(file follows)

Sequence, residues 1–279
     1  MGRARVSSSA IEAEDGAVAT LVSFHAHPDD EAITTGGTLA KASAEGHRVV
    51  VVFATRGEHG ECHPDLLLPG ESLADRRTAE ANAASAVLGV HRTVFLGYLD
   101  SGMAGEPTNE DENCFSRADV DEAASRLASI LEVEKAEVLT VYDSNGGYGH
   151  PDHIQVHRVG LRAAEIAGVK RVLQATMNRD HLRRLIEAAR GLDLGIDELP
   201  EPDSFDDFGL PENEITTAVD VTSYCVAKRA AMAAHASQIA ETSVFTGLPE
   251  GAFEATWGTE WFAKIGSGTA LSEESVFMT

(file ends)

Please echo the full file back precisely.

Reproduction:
Sequence, residues 1–279
     1  MGRARVSSSA IEAEDGAVAT LVSFHAHPDD EAITTGGTLA KASAEGHRVV
    51  VVFATRGEHG ECHPDLLLPG ESLADRRTAE ANAASAVLGV HRTVFLGYLD
   101  SGMAGEPTNE DENCFSRADV DEAASRLASI LEVEKAEVLT VYDSNGGYGH
   151  PDHIQVHRVG LRAAEIAGVK RVLQATMNRD HLRRLIEAAR GLDLGIDELP
   201  EPDSFDDFGL PENEITTAVD VTSYCVAKRA AMAAHASQIA ETSVFTGLPE
   251  GAFEATWGTE WFAKIGSGTA LSEESVFMT